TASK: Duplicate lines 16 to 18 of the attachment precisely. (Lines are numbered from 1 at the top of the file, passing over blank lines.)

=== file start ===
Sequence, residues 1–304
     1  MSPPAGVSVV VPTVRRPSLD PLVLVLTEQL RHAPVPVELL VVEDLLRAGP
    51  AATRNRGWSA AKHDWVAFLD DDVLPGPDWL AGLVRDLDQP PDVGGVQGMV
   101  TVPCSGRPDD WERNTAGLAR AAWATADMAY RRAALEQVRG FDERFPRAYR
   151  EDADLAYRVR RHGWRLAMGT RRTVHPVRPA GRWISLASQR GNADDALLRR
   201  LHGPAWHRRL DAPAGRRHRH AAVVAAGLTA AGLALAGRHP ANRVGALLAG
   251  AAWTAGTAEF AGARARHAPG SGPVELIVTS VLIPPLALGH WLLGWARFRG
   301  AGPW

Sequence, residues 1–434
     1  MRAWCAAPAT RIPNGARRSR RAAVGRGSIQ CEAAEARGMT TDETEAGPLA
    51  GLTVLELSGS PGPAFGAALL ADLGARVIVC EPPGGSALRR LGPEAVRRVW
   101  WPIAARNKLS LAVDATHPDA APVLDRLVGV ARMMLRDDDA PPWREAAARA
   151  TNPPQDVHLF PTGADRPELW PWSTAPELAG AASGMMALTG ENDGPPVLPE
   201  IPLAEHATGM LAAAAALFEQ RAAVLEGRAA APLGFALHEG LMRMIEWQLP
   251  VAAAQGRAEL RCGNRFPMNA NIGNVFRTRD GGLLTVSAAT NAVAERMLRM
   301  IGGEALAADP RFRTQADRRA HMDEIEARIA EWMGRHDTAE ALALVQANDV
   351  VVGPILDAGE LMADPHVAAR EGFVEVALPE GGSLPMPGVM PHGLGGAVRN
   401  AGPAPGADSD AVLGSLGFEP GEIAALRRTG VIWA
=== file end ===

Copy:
   301  IGGEALAADP RFRTQADRRA HMDEIEARIA EWMGRHDTAE ALALVQANDV
   351  VVGPILDAGE LMADPHVAAR EGFVEVALPE GGSLPMPGVM PHGLGGAVRN
   401  AGPAPGADSD AVLGSLGFEP GEIAALRRTG VIWA